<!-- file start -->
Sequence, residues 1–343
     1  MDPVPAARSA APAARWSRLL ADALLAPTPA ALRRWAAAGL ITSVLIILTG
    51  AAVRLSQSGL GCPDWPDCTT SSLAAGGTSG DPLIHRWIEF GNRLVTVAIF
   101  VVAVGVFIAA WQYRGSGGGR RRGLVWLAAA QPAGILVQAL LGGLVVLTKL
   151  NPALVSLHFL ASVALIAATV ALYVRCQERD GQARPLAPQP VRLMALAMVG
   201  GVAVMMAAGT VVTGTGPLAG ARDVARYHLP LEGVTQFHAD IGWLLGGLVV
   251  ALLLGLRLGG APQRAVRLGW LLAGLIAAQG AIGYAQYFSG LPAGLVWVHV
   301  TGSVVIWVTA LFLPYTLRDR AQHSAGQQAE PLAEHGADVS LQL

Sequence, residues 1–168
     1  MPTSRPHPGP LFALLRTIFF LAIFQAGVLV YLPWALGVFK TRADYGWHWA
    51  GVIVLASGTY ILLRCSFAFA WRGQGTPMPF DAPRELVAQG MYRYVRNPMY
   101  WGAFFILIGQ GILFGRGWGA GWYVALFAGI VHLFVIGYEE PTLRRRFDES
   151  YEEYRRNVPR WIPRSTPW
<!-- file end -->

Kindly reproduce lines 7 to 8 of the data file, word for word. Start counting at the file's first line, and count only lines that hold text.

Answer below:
   251  ALLLGLRLGG APQRAVRLGW LLAGLIAAQG AIGYAQYFSG LPAGLVWVHV
   301  TGSVVIWVTA LFLPYTLRDR AQHSAGQQAE PLAEHGADVS LQL